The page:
“Beautiful Boy” Is a Stark Reminder of the Tragedy of Addiction

When I first heard about “Beautiful Boy,” I had no idea what it was about, and I didn’t care much either. Steve Carell’s name was enough to get me in the theater. I never watched the trailer or the countless interviews in which Timothée Chalamet and Carell carefully explain the plot and meaning of this story. Needless to say, when I finally watched the movie, it hurt.

Based on David Sheff’s 2008 memoir of the same name, “Beautiful Boy” tells the story of Nic Sheff’s (Chalamet) struggle with drug addiction, and David Sheff’s (Carell) struggle to come to terms with his son’s addiction. The movie alternates between past and present, giving us glimpses of who Nic used to be and who he has become. Throughout the film, you find yourself falling in love with the cheerful spirit of young Nic and fervently hoping that adult Nic recovers. But unlike many other movies that tell stories of success, the purpose of “Beautiful Boy” is to demonstrate reality.

Emotions run high in this film. There are a number of moments when your heart breaks for both David and Nic. Chalamet does a fantastic job at expressing the rapid and wild changes in mood that accompany drug addiction, and Carell is captivating in his depiction of his character’s endeavor to remain sane while drowning in a sea of worry and desperation.

But as much as Chalamet and Carell succeed in portraying the lives of the real Nic and David Sheff, it was Maura Tierney’s portrayal of Nic’s stepmom, Karen, that connects with the audience the most. As the chaos unfolds, Karen is the supportive figure that Nic needs and that David relies on. She is, for the most part, the voice of reason in the family, perhaps even more so than Nic’s mom, Vicki (Amy Ryan). She is also the first to realize that they cannot do anything for Nic until he is willing to do something for himself. She remains a spectator for much of the film, allowing her husband to take the lead on how to deal with Nic. Karen’s outside perspective as a spectator allows the audience to resonate strongly with the character.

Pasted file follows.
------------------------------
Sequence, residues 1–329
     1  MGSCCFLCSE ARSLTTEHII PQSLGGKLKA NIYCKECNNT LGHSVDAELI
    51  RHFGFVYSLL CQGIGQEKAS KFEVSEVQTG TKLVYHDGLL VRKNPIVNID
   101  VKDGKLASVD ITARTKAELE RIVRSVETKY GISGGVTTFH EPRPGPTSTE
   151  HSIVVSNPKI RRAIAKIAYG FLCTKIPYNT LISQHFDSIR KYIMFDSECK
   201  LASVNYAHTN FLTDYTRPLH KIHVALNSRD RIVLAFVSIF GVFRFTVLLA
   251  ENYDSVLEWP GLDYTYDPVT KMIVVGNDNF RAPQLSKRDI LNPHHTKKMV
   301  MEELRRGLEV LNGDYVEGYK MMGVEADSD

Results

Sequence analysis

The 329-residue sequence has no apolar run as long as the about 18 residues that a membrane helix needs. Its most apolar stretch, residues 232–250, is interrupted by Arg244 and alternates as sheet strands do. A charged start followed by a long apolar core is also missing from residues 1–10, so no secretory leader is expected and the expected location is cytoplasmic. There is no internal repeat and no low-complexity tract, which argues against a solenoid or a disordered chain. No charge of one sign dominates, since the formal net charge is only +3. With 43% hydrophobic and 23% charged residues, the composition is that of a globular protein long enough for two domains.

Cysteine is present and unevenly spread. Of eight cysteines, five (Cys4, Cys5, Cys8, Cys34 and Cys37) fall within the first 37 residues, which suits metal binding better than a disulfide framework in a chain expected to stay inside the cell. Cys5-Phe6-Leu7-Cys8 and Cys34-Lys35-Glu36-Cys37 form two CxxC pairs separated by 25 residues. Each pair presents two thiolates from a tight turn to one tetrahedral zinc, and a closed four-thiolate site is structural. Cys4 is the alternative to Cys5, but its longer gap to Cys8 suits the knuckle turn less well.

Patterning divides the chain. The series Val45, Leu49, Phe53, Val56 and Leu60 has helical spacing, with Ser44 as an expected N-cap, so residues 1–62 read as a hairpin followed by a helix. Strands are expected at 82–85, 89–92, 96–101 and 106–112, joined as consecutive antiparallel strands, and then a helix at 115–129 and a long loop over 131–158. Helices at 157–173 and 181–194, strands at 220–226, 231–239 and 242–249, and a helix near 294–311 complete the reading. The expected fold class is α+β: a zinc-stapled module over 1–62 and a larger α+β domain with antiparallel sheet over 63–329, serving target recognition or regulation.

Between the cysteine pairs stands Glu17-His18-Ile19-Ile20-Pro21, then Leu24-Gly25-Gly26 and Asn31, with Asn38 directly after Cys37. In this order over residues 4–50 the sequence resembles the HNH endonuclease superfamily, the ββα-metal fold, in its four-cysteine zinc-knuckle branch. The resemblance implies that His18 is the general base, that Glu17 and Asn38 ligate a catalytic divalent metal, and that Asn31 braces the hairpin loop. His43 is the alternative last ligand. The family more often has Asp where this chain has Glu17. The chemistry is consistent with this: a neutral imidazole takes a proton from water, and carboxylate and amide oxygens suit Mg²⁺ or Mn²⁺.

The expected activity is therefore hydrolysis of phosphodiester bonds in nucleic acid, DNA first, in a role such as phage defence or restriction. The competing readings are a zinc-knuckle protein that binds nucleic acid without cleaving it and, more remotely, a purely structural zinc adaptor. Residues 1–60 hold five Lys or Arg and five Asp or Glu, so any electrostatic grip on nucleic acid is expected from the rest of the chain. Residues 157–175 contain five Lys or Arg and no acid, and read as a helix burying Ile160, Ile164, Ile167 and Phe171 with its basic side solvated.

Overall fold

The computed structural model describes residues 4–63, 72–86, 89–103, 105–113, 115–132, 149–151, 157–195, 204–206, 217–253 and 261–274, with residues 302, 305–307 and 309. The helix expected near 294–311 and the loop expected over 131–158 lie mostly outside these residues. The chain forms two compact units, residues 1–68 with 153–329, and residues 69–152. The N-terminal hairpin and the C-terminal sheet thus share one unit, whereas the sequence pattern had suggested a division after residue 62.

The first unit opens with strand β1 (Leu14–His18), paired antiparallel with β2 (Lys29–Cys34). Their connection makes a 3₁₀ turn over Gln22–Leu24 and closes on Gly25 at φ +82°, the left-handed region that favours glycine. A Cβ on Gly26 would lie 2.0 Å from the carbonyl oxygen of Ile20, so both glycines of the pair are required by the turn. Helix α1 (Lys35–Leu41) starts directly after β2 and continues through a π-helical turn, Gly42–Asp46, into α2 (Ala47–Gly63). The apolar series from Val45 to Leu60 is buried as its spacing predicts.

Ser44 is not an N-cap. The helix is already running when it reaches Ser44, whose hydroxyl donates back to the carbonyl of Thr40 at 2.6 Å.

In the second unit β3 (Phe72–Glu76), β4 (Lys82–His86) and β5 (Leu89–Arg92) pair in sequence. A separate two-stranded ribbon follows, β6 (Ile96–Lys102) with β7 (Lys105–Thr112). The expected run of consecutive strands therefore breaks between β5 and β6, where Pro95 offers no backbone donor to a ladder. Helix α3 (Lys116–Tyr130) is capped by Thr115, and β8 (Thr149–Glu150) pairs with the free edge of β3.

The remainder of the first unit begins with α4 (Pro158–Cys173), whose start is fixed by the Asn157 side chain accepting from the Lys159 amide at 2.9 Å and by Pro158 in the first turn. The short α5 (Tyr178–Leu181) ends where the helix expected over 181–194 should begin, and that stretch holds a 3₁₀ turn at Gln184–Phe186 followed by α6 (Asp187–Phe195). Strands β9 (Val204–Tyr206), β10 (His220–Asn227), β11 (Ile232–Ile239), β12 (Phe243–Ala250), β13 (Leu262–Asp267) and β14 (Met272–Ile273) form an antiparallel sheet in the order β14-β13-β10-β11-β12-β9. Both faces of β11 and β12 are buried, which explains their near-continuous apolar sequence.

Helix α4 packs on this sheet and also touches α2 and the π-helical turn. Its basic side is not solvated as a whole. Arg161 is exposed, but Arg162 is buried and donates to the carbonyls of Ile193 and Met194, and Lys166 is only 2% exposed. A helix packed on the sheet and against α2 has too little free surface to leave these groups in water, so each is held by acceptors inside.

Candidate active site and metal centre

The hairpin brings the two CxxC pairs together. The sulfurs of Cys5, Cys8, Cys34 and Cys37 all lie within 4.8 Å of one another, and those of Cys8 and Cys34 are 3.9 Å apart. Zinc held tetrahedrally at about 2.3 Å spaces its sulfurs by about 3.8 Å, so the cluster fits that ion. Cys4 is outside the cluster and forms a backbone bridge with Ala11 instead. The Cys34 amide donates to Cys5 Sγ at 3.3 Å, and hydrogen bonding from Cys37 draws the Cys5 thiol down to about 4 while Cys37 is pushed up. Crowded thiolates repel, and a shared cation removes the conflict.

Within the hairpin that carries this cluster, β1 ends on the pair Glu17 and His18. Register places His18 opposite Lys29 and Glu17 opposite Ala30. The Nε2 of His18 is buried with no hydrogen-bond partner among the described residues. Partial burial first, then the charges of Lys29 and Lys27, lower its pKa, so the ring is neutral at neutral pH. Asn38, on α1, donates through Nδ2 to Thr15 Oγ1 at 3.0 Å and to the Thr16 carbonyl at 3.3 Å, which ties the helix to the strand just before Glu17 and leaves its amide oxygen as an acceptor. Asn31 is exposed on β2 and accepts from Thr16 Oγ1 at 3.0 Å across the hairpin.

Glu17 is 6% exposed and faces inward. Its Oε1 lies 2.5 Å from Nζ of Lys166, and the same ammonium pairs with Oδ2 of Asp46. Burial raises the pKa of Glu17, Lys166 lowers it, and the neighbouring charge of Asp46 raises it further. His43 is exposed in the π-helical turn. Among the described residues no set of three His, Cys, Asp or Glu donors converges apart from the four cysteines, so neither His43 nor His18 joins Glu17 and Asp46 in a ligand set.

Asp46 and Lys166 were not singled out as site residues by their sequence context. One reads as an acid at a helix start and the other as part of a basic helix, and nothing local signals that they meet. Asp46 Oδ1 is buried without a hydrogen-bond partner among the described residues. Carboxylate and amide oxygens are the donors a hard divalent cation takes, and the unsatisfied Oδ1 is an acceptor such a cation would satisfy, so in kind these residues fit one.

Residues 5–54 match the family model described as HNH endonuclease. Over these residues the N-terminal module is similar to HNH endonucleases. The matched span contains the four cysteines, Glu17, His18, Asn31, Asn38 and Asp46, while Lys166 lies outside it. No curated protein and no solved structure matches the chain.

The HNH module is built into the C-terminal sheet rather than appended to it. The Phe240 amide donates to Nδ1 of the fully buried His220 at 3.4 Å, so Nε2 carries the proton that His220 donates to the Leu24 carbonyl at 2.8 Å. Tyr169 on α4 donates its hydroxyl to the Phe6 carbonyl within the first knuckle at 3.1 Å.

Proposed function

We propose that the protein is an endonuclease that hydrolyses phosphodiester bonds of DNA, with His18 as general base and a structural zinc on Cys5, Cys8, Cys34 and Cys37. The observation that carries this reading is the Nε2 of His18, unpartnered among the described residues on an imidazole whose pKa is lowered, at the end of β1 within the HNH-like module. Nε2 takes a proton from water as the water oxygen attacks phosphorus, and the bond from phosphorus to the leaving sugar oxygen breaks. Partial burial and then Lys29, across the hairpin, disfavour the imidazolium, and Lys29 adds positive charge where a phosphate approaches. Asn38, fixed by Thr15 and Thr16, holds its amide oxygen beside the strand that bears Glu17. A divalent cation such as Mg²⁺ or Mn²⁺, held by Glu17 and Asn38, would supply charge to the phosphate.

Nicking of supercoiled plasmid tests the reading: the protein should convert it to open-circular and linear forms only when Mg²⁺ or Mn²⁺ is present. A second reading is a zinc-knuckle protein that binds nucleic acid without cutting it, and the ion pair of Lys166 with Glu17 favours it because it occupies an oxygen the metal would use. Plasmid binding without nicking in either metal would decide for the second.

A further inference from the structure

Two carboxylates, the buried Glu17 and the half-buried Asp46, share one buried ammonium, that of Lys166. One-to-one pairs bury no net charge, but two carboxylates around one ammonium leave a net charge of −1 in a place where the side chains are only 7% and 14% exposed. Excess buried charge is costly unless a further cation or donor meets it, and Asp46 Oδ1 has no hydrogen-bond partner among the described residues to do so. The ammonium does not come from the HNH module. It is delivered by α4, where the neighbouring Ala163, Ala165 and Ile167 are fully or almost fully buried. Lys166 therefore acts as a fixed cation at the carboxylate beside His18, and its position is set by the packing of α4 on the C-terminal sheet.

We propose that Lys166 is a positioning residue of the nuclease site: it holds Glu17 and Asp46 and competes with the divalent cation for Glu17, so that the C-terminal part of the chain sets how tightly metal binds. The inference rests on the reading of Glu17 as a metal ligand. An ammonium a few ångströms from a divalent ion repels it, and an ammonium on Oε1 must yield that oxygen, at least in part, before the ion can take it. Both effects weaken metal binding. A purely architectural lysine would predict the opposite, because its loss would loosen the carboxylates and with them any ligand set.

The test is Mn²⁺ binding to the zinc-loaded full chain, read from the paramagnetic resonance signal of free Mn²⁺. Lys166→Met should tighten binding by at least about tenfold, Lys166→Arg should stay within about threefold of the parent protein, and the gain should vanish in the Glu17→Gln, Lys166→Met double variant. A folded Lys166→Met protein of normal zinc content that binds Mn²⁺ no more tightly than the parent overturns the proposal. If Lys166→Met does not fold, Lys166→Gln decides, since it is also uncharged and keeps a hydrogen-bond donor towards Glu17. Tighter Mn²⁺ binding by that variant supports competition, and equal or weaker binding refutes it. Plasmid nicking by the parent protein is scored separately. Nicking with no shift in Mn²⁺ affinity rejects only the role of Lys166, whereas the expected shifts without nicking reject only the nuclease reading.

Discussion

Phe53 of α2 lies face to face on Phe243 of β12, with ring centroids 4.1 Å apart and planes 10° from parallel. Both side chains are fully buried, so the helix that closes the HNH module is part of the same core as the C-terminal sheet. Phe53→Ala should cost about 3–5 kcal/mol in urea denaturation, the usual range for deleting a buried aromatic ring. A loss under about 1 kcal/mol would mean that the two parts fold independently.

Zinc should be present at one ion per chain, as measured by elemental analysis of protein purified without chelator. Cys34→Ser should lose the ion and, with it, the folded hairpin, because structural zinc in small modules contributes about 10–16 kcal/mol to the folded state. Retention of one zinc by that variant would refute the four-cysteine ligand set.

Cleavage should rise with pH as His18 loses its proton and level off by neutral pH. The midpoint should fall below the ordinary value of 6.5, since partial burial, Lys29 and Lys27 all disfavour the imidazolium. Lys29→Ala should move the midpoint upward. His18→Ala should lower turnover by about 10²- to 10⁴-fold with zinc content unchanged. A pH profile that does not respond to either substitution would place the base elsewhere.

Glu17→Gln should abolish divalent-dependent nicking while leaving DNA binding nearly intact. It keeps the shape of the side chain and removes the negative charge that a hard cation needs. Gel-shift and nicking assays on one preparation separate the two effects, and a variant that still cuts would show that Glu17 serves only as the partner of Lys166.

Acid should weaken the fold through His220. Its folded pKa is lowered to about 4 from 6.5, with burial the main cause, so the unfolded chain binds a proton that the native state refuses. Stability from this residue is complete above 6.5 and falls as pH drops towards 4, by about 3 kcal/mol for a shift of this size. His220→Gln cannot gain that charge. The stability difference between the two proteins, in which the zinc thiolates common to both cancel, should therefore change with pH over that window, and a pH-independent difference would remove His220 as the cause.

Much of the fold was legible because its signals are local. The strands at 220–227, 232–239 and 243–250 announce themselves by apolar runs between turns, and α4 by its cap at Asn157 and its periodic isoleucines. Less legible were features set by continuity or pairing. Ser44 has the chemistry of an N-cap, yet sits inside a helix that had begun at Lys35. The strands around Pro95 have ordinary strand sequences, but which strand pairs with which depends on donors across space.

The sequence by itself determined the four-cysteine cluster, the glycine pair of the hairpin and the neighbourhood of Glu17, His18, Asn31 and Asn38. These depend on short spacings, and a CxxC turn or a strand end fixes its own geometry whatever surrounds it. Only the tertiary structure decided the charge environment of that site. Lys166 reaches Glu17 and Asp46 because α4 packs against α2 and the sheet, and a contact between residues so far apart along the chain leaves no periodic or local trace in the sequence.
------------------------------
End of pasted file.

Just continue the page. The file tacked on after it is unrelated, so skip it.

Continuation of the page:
The most distressing scene in the movie is perhaps the one where Karen chases after Nic in her red mini-van after the family has caught him and his girlfriend breaking into their home. David chases after Nic on foot while Karen is looking after their two small children at home, but when she sees Nic fleeing in his car, she goes after him. Only a few scenes earlier, Karen had told David that there was no way to help Nic, so her chasing after him is completely out of character, yet understandable. As the scene continues, the immediate reaction is to wonder whether she will catch Nic and his girlfriend. But what if she does? What is she going to do? How is her catching them going to change anything? He will continue to use drugs, and he will leave again because he wants to. Karen seems to realize it too, because she stops chasing after them. When Karen breaks down, we break down with her because that’s when we realize that we will not leave “Beautiful Boy” with the sense of comfortable hope most movies deliver.

The entire film mirrors this one scene. The Sheff family chases after Nic, hoping that they can bring him back to sobriety, only to realize that there is nothing they can do if he is not willing to slow down. It’s almost frustrating every time he has a relapse, because you desperately want a happy ending. But “Beautiful Boy” does not provide a romanticized depiction of drug addiction or recovery — it is harsh in its storytelling. We never see a grown-up Nic fully sober. All we get is white letters on a black background repeating the theme of the film: there is no final victory over addiction — it is one day at a time. Yes, the real Nic Sheff has now been sober for eight years, but his struggle was even more arduous than what the film showed.

Despite the movie being far from the typical Hollywood survivor tropes, “Beautiful Boy” still leaves behind some positivity and a deep appreciation for all the love that can come from family. Even if it’s not the father-son relationship depicted in the film, or even if you’ve never experienced anything nearly as serious as drug addiction, you walk away with a new appreciation for all the small ways in which family members express their love for you. “Beautiful Boy” reminds us of how important it is to say “I love you” to the people around us.